Of course, it’s part of the Australian lifestyle to don your swimsuit and enjoy your time at the local beach, but make sure not to overdo it. Too long in the sun doesn’t just put you at risk of sunburn; you might also experience heatstroke, which isn’t fun to deal with. 

Sports in Australia 

Moving from a country that’s so renowned for its winter sport (we’re talking about ice hockey, of course), to a country that, in some regions, experiences an almost year-round summer, means that unsurprisingly, the Australian sports scene is a little different. 

You won’t find much ice hockey in Australia, though there is an Australian Ice Hockey League. Just don’t expect people to go as mad for it as they do in Canada.

Cricket is the most popular sport in Australia, and in this case, the country’s humid weather conditions are ideal for this outdoor sport. Australians take their cricket very seriously, and even if you have little interest in the game yourself, it’s worth watching it live for the atmosphere alone. 

If you want to participate in sports, there’s plenty of opportunity to do so. You can find groups and teams for both casual and competitive play in a variety of sports – a good place to check out your local options is on Meetup.com

One Australian activity that you absolutely can’t miss out on is surfing. Australia’s coastline is almost as large (and equally as impressive) as Canada’s, so if you’re an avid surfer, you should definitely buy your own board and catch the waves at the likes of Byron Bay and the Gold Coast (the latter even deems an area of its coastline “Surfers Paradise”). 

Even if you’ve never surfed before, there’s plenty of opportunity to give it a try. You can find “learn to surf” lessons all across the Australian coast, where you and a group of friends can rent out a board and take to the sea with a professional coach. For the best bucket list experience, you can even learn to surf on Sydney’s famous Bondi Beach – just expect to pay more for the privilege.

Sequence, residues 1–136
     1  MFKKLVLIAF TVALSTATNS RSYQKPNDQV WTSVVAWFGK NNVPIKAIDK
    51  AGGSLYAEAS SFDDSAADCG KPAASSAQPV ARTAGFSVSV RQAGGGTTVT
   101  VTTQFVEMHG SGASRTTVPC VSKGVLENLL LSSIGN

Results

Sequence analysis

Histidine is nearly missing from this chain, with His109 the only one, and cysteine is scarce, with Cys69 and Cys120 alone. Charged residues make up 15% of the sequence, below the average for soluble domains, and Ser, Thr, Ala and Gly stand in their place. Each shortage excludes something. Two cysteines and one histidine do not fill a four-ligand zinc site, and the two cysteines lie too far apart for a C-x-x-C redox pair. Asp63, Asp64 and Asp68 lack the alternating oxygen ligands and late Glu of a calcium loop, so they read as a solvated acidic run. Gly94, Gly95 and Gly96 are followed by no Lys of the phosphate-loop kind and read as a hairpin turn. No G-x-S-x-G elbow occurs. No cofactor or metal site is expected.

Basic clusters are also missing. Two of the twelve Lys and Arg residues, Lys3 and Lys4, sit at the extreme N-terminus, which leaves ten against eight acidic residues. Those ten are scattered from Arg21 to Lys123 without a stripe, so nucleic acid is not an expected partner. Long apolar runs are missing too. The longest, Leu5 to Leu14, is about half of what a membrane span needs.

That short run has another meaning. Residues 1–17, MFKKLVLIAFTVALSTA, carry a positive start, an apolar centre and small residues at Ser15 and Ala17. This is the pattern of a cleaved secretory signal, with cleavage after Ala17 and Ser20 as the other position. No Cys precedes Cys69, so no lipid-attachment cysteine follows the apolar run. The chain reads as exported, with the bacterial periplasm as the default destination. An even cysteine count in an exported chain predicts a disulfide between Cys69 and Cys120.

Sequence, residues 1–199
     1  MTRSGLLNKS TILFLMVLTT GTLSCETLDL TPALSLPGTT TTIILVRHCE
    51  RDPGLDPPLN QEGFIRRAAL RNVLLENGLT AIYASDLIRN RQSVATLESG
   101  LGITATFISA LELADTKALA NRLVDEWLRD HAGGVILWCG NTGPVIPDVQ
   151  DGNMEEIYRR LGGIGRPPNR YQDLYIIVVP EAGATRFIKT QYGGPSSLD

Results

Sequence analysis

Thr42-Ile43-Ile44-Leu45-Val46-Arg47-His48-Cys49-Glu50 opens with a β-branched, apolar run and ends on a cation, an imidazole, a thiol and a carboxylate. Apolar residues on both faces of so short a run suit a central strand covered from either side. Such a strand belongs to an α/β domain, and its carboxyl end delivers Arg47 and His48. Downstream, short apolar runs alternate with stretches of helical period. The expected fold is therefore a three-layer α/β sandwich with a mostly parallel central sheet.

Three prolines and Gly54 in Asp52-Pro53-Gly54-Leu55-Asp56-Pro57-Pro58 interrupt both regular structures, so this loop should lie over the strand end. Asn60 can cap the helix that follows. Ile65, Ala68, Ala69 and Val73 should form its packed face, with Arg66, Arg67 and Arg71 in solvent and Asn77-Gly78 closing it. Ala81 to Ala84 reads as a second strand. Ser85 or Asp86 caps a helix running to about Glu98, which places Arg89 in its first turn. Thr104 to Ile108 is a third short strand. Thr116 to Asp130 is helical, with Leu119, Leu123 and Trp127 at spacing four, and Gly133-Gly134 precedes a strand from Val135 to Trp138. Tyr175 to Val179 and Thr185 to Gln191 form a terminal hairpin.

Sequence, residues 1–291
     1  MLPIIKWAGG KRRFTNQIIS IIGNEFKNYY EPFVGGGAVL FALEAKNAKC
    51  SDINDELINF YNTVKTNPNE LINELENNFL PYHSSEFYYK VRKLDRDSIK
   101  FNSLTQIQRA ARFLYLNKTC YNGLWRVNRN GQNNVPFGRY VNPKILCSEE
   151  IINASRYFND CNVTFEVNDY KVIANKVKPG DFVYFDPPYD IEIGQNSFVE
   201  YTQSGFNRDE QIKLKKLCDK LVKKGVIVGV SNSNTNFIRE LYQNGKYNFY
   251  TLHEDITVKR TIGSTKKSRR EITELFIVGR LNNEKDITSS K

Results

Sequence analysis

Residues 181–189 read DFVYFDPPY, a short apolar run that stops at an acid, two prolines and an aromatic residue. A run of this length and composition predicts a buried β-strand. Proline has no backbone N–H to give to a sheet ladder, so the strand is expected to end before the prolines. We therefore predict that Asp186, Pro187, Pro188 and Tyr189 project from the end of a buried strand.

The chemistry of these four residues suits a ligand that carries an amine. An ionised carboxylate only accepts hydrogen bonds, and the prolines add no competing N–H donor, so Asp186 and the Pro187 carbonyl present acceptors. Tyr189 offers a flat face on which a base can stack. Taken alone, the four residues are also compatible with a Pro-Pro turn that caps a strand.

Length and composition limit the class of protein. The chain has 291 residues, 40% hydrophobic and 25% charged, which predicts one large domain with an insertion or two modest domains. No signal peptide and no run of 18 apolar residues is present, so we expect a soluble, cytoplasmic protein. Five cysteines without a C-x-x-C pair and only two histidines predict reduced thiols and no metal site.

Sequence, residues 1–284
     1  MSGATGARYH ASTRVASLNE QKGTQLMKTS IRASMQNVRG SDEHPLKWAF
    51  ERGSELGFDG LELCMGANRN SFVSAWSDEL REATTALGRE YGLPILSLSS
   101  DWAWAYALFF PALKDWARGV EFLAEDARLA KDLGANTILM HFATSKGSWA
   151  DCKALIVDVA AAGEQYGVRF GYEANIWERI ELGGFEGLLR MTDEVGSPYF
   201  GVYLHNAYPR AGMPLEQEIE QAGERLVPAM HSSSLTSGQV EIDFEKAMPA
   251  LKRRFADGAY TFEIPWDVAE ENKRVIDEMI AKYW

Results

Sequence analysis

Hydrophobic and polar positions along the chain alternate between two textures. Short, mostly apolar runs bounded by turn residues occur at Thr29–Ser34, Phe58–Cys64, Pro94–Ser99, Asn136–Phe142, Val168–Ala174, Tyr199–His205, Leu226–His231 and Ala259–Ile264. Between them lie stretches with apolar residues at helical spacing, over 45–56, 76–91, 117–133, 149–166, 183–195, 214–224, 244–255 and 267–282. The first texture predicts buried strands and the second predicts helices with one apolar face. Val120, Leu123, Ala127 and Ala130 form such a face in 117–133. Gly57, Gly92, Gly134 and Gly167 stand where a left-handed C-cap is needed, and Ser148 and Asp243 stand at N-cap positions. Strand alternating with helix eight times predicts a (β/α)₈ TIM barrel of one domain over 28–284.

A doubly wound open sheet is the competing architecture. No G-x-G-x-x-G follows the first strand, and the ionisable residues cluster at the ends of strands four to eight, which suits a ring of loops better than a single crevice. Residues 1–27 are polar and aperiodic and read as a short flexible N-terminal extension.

Seasons

Finally, it’s worth knowing that Australia’s seasons are essentially the reverse of the seasons in Canada. Canada’s summer (i.e. June to August) is Australia’s winter, while Canada’s winter (i.e. December to February) is Australia’s summer. 

Though when we say “summer” and “winter”, all seasons in Australia tend to feel closer to Canada’s summer. Even in June and July, the average temperature in Sydney ranges from 9 to 17 degrees Celsius. In the summer, the temperature can get up to 40 degrees, so make sure your Australian home comes equipped with working AC, because you will need it.

ConclusionMoving from Canada to Australia takes a whole lot of confidence, but it’s very unlikely that you’ll come to regret your decision. Many Canadian migrants end up loving Australia so much that they fork out lots of money (and we mean lots) to apply for a permanent residency. So long as you can get past the creepy crawlies and the distance from home, there’s plenty to love about Australia.